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What’s new in IoT? Reflections from IoT SWC, Barcelona

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7 March 2023 | Jim Cockram, CENSIS

Jim Cockram, business development manager, CENSIS, looks at three standout themes from the world’s largest digital transformation showcase

This article originally appeared in Digit on 6 March

Last month saw the 2023 IoT Solutions World Congress take place once again in Barcelona, where more than 15,500 visitors gathered to learn more about game-changing technologies for digital transformation. For CENSIS, it offered an opportunity to explore the latest in Internet of Things (IoT), artificial intelligence (AI), digital twins and blockchain technologies, which could play an important role in the digitalisation of Scotland’s key industries.

This year, the organisers attracted one-third more visitors than in 2022, highlighting the fact that doing business internationally and in-person is firmly back on the agenda after the pandemic. Headline themes included technologies we are already seeing talked about and used by Scottish businesses, such as 5G connectivity and edge computing, while other sessions explored ideas at a much earlier stage of the development process, such as industry 5.0.

The 330 exhibitors and 250 speakers offered far more than can be summarised succinctly here, but there were three key areas to watch:

  1. Evolving cyber security concerns

One of the most interesting sections of the conference was the dedicated Hacking Village, which saw ethical hackers raise new issues and possible weak spots in terms of cyber security. Something for everyone to think about is how much your web browser history can reveal about your digital identity, and the recommendation was to regularly clear your history, and use different programs and incognito tabs where possible. Same-origin policy (SOP) protocol means that unless you launch a new tab, scripts contained in the first web page you visit can access data in a second web page – i.e. showing what you look at or search for next.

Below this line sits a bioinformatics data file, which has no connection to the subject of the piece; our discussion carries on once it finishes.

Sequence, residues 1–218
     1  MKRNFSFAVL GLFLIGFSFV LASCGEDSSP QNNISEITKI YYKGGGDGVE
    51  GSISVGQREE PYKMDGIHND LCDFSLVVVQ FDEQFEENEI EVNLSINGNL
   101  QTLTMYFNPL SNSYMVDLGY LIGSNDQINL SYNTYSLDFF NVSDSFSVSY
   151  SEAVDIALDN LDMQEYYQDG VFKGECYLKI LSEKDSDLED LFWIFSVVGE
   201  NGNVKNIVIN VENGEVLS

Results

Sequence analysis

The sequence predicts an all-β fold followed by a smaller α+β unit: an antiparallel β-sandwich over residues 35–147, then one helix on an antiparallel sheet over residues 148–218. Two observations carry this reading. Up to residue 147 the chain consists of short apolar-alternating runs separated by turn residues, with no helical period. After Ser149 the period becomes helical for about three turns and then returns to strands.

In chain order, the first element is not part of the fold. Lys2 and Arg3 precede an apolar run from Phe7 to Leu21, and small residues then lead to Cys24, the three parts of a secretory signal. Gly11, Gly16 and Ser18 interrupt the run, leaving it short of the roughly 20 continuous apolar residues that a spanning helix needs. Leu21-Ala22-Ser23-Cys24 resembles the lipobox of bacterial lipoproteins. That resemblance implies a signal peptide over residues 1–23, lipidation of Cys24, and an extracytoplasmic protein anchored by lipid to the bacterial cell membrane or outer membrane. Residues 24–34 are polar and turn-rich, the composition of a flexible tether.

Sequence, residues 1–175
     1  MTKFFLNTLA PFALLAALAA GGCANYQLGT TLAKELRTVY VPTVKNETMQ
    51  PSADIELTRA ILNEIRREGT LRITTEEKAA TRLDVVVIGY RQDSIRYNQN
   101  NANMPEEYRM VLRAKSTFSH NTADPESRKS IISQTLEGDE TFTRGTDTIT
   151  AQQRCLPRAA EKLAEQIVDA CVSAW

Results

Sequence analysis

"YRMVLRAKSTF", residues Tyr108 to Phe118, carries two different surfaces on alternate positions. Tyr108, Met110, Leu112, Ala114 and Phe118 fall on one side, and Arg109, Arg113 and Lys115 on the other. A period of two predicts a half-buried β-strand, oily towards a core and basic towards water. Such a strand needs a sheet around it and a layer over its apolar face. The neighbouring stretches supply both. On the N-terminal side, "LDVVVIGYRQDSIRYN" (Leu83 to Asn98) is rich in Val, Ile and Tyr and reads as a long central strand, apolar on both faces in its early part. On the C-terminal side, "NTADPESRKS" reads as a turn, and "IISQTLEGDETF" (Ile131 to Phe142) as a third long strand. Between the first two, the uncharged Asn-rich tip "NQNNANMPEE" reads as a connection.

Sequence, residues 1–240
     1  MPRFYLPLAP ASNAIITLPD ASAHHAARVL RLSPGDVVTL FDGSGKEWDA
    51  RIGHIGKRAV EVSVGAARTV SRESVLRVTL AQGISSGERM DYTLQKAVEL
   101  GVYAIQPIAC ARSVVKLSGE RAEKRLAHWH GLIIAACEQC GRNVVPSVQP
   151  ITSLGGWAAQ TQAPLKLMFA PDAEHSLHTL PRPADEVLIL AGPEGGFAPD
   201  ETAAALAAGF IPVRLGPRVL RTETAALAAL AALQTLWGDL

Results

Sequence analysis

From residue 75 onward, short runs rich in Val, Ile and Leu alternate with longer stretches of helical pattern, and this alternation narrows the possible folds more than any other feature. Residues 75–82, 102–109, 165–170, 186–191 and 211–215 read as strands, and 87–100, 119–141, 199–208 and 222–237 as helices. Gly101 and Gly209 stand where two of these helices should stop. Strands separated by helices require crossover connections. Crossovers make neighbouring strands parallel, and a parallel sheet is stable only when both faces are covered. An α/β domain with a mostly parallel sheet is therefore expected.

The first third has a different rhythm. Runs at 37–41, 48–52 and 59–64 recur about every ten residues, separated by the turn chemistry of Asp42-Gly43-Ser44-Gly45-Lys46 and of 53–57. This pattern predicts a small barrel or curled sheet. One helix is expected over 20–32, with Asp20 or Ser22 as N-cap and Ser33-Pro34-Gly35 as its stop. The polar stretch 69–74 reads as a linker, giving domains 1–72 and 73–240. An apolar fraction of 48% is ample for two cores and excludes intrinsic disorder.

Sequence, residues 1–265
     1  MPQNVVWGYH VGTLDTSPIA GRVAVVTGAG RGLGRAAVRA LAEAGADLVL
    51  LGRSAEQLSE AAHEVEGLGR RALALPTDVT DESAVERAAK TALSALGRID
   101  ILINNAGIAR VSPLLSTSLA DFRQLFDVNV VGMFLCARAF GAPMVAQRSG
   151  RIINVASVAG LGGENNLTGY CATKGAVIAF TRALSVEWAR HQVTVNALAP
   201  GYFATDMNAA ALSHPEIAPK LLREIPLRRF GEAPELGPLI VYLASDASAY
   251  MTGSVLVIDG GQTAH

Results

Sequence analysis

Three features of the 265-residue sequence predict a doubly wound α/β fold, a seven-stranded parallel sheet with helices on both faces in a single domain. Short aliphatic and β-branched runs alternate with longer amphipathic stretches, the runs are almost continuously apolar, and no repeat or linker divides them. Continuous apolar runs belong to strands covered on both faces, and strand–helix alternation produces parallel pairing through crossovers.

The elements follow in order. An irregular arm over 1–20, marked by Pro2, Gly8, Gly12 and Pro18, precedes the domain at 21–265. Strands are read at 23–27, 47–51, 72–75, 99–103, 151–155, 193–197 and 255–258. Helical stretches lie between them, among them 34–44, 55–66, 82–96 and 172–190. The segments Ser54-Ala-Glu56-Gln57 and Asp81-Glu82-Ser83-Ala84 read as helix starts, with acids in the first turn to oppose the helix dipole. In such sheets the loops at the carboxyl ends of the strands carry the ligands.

Separately, for companies developing IoT products and systems, there is a need to secure hardware devices by design, as well as protecting the networks and software. One vulnerability highlighted was the development of patching speed, which could allow hackers to make significant changes in a matter of hours. If that goes undetected, a lot of damage could be done in a relatively short time frame.

The conversation also included hacking on circuit boards and, although these should be locked down, it is believed to be quite easy to break in and read the memory which could include key information like passwords. A possible fix for this is to invest in top-of-the-range chips (supply chain issues notwithstanding), but that will inevitably come at an increased cost.

  1. An increase in integrated service offerings

Over the last couple of years there has been a market shift which was reflected by many of the exhibitors in Barcelona. Previously, we saw companies providing components or single-purpose products or devices to a range of sectors, but now we see much more in the way of fully formed IoT solutions that aim to solve real problems in established markets..

A couple of the more notable examples were targeted towards the built environment, offering one-stop systems to manage smart homes and offices. Bulgarian-headquartered Shelly, for example, not only helps to automate processes in the home – such as lighting and blinds – but also monitors energy use, helping to make buildings more efficient. Crucially, each element of the company’s technology is integrated and easy-to-use via a mobile app, meaning that consumers no longer need to look to a range of different providers for each of the different elements they want to control.

  1. The business case for digital twins

Digital twins have been around for some time. But now, with more talk about the metaverse, the adoption of digital twins could gather pace quite quickly. While the metaverse is typically an interpretation of a virtual world for gaming or experiential activities, a digital twin is a more valuable equivalent that can be used for real-world applications by businesses and the public sector.

According to one estimate by Markets and Markets, the market for digital twins is forecast to grow to more than $73 billion by 2027 from $6.9 billion in 2022[1]. Among the most interesting applications is the use of a digital twin to plan the 2024 Paris Olympic Games. UK company OnePlan will deliver a digital replication of almost every venue used. Twins of the Stade de France and Place de la Concorde have already been created as part of the testing process.

Organisers will use the digital twin for accessibility planning, broadcasting logistics and more, which will reduce the need for site visits and cut down on transport to and from the venues ahead of events. Real-life use cases like these are showing the range of tangible environmental and economic benefits others could see by adopting digital twins and related technologies across a range of buildings.